The Arrival


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The Arrival Review

by John Serba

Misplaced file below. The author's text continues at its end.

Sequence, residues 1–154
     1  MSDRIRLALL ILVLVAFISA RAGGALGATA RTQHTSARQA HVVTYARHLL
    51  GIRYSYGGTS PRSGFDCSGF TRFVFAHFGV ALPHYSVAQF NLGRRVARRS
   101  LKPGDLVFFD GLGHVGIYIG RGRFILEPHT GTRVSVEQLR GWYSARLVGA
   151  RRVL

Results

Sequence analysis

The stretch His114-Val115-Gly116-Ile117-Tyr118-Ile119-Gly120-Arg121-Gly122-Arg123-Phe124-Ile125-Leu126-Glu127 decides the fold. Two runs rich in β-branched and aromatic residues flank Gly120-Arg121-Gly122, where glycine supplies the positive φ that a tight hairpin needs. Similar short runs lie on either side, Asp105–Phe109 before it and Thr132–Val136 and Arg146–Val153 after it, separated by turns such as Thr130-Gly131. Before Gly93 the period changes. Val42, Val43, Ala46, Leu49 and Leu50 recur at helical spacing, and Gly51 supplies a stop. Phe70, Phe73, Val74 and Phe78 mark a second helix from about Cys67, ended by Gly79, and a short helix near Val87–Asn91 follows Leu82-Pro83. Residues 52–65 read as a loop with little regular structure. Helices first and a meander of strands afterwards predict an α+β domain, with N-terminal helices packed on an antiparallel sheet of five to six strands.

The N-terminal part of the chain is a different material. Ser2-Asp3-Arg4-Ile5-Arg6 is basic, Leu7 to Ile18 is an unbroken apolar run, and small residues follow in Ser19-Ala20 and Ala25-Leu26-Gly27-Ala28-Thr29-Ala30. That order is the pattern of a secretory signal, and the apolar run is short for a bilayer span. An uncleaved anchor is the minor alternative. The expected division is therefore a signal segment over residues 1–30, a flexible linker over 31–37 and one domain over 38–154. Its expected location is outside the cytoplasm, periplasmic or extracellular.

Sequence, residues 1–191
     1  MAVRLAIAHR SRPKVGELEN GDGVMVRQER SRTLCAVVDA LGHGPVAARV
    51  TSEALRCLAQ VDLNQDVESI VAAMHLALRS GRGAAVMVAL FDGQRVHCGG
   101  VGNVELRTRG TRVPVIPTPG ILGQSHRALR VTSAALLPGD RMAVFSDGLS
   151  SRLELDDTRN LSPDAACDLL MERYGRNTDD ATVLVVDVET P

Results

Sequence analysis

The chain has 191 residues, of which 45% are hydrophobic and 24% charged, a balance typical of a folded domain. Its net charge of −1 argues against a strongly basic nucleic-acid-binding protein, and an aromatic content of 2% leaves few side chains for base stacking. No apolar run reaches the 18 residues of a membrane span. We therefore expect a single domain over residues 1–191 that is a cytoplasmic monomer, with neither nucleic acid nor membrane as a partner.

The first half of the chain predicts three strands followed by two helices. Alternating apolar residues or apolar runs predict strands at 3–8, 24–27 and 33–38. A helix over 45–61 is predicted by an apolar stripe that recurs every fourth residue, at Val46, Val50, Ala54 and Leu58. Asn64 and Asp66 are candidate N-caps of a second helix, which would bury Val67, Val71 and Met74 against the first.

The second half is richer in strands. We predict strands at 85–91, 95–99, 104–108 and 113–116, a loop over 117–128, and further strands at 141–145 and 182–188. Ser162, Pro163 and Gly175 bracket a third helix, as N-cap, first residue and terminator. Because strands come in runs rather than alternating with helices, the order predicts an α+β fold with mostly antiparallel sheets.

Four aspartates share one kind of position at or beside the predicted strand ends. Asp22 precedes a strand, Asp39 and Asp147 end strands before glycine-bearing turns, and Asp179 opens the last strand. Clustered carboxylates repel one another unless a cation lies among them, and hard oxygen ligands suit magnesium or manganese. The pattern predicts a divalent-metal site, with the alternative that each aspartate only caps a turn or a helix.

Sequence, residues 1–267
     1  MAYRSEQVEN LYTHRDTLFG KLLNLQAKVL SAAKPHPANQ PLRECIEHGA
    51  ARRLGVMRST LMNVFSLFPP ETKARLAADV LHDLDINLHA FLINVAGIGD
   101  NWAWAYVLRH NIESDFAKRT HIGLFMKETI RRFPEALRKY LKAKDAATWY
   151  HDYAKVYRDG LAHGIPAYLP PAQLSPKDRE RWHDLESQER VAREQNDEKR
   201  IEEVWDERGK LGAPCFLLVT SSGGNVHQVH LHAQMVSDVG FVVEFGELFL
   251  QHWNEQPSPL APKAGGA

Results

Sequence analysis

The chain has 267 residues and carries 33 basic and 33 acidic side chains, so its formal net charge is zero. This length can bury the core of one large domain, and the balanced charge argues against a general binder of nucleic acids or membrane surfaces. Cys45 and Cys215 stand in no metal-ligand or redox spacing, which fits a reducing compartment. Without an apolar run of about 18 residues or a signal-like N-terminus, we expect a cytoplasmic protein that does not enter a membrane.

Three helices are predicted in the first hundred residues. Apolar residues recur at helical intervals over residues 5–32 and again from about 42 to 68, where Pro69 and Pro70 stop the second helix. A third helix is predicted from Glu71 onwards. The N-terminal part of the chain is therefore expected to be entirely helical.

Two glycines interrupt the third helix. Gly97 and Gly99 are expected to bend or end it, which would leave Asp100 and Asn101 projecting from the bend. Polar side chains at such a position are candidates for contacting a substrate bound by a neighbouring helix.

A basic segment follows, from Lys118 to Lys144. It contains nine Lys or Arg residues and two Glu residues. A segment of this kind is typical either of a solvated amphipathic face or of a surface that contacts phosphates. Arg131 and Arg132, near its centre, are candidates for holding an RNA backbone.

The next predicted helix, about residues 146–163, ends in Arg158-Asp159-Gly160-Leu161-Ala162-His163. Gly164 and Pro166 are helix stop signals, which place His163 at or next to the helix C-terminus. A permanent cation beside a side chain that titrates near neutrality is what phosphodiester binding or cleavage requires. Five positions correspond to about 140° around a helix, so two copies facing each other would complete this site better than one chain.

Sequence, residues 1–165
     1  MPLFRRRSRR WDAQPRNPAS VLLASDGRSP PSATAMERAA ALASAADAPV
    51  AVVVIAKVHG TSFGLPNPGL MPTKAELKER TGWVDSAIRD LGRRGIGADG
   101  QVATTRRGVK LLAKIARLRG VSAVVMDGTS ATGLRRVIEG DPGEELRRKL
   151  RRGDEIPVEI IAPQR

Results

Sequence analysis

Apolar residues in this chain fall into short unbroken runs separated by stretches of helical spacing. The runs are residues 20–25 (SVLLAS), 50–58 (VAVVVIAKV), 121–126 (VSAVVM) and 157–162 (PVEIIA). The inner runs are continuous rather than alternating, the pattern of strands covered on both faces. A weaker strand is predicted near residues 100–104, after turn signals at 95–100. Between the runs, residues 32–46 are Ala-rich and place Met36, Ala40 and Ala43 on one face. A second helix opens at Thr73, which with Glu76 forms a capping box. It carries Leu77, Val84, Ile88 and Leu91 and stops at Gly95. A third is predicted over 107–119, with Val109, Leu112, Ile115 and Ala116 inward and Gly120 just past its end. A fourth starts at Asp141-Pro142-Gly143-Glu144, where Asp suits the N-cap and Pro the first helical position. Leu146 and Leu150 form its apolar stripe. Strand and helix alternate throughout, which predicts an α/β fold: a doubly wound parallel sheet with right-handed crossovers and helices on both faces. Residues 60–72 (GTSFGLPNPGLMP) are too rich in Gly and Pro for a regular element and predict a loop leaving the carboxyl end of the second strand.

To move ahead, or stick to a tried-and-true, effective formula? Such is the conundrum presented by Arrival, Hypocrisy's ninth album, which ditches the nearly anti-intellectual chuggery of its poorly received predecessor Catch 22, and takes a deliberate step back to the grandiose strains of benchmark albums The Final Chapter and Hypocrisy. One can't help but picture main songwriter Peter Tagtgren -- sometimes referred to as the "death metal Rick Rubin" because of his oft-utilized production skills -- crafting this creepy stuff in isolation, the drapes pulled, sunken eyes perusing the extreme metal cookbook, while pale, wiry limbs stir a bubbling cauldron of grandiose gothic chords and concoct beautifully ugly Euro-death skyscrapers. However, Tagtgren is spinning his wheels here a bit, resurrecting the (tired?) alien-invader themes of past records, yet still penning wonderfully nasty tunes with streamlined arrangements, and smartly sidestepping easy genre classification. He consistently skirts the edges of death and black metal while committing to neither; see the militaristic chug of "New World," the molten-lava tempo of skullcrusher "The Abyss," and the dense, murky melodicism of "Born Dead Buried Alive," "Dead Sky Dawning," and "Slave to the Parasites," all of which, come chorus time, boast catchy, distinctly Swedish hooks (see also: In Flames, Soilwork). Bottom line, Arrival impressively flexes its muscles with respect to performances (especially Tagtgren's unique myriad of death-derived vocal approaches), production and songwriting, and attention to detail and entertainment value, making it a difficult record to criticize. On its own, it's a terrific, memorable effort, but in the context of Hypocrisy's beefy catalog, it's a bit derivative, one expects a bit more boundary-pushing via the twisted, trusted, and well-respected mind of Tagtgren.

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